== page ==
Abstracts for Rivière-Fabes Symposium on Analysis and PDE

April 7-9, 2006

Wilhelm Schlag

Lecture 1 - Spectral theory and applications to nonlinear PDE, I

Lecture 2 - Spectral theory and applications to nonlinear PDE, II

Abstract 1: We will discuss some recent work, most of it joint with Joachim Krieger at Harvard, concerning nonlinear PDE that allow for a family of nonlinear bound-states (e.g., standing waves). These families can be either stable or unstable under small perturbations. We will describe some new results on the unstable case and show that stability can be achieved provided the perturbations are chosen on suitable finite co-dimensional manifolds. Some conjectures and possible further work will be discussed.

Charles Fefferman

Lecture 1 - Fitting a Smooth Function to Data, I

Lecture 2 - Fitting a Smooth Function to Data, II

Abstract 1: Fix positive integers m,n, and suppose we are given N points in Rn+1. We compute a function F in Cm(Rn), whose graph passes through (or close to) all (or nearly all) of the given points, and whose Cm norm has the smallest possible order of magnitude. Joint work with Bo'az Klartag.

Isabelle Gallagher

Lecture 1 - Mathematical analysis of equatorial waves

Abstract 1: In this talk we will consider a model of rotating fluids, describing the motion of the ocean in the equatorial zone.  This model is known as the Saint-Venant, or shallow-water type system, to which a rotation term is added whose amplitude is linear with respect to the latitude; in particular it vanishes at the equator.  After a quick physical introduction to the model, we describe the various waves involved and the resonances associated with those waves.  We then exhibit the limit system (as the rotation becomes large), obtained as usual by filtering out the waves, and study its wellposedness.  Finally we present three types of convergence results: a weak convergence result towards a linear, geostrophic equation, a "hybrid" strong convergence result of the filtered solutions towards a weak solution to the limit system, and finally a strong convergence result of the filtered solutions towards the unique strong solution to the limit system for smooth enough initial data.  In particular we show that there are no confined equatorial waves in the mean motion as the rotation becomes large.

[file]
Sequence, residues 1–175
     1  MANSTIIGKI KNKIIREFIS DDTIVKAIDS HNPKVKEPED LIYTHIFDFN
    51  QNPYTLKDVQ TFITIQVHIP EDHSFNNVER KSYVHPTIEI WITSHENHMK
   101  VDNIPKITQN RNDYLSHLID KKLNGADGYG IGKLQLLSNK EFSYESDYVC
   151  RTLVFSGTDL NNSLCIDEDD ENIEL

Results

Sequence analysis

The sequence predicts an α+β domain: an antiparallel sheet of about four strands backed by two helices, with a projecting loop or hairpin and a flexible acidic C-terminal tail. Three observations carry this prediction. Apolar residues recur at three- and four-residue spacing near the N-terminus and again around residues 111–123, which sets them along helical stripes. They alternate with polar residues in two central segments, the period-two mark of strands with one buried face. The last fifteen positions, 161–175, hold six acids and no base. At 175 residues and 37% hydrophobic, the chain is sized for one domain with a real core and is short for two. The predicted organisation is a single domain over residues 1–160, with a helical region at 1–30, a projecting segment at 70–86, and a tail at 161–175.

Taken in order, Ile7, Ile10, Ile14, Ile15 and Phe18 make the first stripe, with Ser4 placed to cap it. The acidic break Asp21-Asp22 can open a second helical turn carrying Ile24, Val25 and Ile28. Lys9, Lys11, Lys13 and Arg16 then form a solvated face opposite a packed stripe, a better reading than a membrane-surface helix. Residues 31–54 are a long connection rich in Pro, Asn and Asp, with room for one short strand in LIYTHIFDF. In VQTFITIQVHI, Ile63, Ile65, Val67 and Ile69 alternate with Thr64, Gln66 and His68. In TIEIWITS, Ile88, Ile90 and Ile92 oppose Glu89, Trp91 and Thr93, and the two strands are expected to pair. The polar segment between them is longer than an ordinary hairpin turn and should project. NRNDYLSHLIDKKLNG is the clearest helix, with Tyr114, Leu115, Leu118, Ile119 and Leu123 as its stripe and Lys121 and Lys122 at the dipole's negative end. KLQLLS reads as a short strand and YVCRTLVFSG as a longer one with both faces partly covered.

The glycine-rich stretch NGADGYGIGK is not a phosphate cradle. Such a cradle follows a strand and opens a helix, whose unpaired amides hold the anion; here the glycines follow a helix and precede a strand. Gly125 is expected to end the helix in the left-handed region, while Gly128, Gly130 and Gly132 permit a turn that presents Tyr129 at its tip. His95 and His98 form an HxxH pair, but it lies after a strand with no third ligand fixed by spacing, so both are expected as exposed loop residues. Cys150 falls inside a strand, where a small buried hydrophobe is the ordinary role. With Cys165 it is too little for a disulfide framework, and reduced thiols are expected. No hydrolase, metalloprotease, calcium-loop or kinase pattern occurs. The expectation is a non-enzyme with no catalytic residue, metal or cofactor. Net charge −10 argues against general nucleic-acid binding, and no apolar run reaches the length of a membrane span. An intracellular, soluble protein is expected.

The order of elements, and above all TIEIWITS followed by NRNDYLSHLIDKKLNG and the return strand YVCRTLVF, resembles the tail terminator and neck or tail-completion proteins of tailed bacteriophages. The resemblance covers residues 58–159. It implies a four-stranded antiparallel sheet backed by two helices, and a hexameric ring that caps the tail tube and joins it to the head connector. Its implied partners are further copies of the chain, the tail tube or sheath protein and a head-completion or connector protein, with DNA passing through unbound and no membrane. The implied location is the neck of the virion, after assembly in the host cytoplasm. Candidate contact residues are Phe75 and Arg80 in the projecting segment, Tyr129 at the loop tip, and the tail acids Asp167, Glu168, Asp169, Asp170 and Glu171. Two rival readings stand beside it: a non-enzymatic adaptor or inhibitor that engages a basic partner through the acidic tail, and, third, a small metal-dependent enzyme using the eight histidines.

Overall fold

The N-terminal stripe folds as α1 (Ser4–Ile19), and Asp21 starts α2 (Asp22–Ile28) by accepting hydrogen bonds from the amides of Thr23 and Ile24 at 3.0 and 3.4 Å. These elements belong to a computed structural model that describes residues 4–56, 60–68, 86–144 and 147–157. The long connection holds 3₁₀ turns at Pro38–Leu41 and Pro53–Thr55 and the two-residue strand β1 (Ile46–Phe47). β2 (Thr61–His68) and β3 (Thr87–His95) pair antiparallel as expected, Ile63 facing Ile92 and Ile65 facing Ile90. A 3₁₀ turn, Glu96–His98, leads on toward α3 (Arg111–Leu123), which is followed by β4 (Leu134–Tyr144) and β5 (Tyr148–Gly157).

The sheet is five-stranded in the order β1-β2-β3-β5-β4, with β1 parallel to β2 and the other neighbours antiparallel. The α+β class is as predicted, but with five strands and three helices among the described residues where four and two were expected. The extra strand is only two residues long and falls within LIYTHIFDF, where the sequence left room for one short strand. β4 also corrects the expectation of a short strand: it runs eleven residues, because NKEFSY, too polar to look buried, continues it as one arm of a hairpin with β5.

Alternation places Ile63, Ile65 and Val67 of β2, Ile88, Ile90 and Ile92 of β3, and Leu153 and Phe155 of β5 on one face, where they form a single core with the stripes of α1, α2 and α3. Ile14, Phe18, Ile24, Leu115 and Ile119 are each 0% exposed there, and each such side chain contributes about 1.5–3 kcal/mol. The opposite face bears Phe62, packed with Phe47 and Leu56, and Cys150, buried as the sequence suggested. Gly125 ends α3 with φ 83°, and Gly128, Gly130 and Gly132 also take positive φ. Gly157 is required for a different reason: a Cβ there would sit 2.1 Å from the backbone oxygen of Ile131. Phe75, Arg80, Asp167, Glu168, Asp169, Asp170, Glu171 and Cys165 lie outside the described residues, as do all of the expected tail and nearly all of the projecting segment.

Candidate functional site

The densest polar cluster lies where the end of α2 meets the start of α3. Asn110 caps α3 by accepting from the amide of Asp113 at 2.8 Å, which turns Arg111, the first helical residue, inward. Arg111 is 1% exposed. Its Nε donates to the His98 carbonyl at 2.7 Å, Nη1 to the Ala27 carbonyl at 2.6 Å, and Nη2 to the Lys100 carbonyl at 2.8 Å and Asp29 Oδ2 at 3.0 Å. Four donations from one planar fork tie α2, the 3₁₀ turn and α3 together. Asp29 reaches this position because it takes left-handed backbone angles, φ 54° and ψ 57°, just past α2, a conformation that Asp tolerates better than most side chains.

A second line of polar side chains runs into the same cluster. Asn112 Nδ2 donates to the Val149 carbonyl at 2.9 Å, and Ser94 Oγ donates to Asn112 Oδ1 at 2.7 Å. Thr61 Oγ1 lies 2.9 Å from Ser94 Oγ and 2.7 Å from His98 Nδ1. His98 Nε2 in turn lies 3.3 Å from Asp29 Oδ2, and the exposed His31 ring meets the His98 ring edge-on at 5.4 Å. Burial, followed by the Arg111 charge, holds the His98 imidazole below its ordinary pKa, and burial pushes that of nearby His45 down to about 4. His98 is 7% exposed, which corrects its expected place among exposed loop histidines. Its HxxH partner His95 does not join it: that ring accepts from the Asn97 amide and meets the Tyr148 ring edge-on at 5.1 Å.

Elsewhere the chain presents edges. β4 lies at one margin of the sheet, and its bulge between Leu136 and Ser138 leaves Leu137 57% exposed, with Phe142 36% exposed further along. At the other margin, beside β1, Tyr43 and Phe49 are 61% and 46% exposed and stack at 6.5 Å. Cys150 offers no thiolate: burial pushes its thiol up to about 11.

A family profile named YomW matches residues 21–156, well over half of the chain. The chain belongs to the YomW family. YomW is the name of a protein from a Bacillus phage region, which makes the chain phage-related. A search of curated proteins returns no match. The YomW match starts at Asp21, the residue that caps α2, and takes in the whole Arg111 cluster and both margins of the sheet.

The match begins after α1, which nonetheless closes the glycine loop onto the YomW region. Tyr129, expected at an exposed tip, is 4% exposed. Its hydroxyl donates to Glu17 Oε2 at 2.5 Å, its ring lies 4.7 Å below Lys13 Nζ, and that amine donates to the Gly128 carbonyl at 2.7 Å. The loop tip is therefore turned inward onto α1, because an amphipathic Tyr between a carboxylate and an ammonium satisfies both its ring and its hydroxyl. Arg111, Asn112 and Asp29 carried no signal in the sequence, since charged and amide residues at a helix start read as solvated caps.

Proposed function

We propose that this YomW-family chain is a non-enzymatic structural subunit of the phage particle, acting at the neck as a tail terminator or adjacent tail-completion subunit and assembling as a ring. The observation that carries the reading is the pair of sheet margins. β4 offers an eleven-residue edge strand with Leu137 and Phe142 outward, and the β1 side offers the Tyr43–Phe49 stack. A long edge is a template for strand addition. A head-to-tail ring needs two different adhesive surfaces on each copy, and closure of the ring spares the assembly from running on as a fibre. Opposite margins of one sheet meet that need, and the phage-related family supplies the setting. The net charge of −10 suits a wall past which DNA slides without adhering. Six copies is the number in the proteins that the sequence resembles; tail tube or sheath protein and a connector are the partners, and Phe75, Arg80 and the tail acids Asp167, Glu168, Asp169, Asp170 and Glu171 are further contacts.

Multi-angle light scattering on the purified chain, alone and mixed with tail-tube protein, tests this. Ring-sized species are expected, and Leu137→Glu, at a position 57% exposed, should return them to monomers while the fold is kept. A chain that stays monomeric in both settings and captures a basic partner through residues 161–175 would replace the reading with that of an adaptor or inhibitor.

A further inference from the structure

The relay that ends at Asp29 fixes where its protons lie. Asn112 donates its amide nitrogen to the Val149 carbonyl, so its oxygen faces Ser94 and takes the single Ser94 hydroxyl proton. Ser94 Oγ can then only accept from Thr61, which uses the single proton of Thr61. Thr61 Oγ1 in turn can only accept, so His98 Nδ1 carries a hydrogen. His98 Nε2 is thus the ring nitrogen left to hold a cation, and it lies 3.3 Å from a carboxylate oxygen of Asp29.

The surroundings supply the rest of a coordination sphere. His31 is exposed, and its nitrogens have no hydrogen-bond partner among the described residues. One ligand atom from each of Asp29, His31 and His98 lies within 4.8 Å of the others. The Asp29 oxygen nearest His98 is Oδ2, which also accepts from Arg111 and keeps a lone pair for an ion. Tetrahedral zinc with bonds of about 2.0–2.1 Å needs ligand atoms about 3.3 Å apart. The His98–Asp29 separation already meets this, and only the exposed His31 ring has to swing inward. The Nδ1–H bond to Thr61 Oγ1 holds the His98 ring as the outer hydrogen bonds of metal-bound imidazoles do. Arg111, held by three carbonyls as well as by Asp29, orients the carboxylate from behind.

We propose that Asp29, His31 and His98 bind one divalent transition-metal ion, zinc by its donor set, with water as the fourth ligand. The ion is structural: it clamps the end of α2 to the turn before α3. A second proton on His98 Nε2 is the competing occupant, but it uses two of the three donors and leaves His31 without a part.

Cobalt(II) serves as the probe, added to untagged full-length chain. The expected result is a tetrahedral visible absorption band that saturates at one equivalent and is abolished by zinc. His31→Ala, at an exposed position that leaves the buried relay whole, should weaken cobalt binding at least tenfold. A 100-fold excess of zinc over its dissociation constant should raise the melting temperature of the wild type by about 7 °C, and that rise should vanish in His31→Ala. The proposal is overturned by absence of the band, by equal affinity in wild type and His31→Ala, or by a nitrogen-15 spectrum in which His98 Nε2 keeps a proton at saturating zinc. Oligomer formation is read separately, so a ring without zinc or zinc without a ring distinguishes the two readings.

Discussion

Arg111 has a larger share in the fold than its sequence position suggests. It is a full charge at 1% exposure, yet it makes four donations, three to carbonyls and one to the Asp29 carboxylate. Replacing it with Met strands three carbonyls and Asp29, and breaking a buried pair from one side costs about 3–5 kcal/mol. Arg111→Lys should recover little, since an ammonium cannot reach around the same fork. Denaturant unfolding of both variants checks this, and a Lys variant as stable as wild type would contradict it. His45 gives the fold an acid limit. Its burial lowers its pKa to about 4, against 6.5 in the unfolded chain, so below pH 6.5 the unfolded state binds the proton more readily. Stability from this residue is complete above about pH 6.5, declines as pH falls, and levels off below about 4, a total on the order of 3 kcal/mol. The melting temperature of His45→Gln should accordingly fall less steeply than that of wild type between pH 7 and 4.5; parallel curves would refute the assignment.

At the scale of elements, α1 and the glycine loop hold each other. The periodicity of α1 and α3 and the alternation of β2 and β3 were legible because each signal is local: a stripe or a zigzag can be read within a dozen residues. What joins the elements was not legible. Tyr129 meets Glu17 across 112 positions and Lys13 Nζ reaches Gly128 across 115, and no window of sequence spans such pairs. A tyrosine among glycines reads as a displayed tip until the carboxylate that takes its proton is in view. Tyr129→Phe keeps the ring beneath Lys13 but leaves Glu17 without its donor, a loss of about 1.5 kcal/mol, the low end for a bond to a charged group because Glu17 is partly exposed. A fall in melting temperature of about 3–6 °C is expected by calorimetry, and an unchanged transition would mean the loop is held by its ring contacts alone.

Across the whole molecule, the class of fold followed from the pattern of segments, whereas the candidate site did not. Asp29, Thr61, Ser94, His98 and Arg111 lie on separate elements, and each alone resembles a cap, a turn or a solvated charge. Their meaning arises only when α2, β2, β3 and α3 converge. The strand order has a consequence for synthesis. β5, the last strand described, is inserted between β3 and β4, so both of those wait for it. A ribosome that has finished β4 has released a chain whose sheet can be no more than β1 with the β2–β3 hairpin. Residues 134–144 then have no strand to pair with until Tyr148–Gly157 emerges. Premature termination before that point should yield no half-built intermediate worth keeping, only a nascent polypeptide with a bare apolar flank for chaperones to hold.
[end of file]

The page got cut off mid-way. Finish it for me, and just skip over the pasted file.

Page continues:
Alexandru Ionescu

Lecture 1 - Low-regularity solutions of nonlinear equations

Abstract 1: I will discuss some recent work with C. Kenig on local and global well-posedness of several nonlinear dispersive equations. The main models I will consider are the Benjamin-Ono equation (BO), the Kadomtsev-Petviashvili I equation (KP-I), and Schrödinger maps.

Diego Maldonado

Lecture 1 - On the Monge-Ampere equation and its linearization

Abstract 1: During the 90's, Luis Caffarelli pioneered a geometric approach to the study of convex solutions u to the Monge-Ampere equation detD2u = μ. One ground-breaking consequence of that approach is the C1,α-regularity result for u when μ verifies a doubling property. In this talk, we will go over a new proof for this theorem that can be extended to the context of the Heisenberg group (and Carnot groups in general). Then, we will show the connections between the mentioned geometric approach and two topics of independent interest: the real analysis on spaces of homogeneous type and the theory of quasi-conformal mappings. Finally, we will prove a weak reverse-Holder inequality for non-negative solutions to the linearized Monge-Ampere equation that involves techniques developed by E. Fabes and D. Stroock in the 80's. The material of this talk is based on several collaborations with Luca Capogna, Liliana Forzani, and Leonid Kovalev.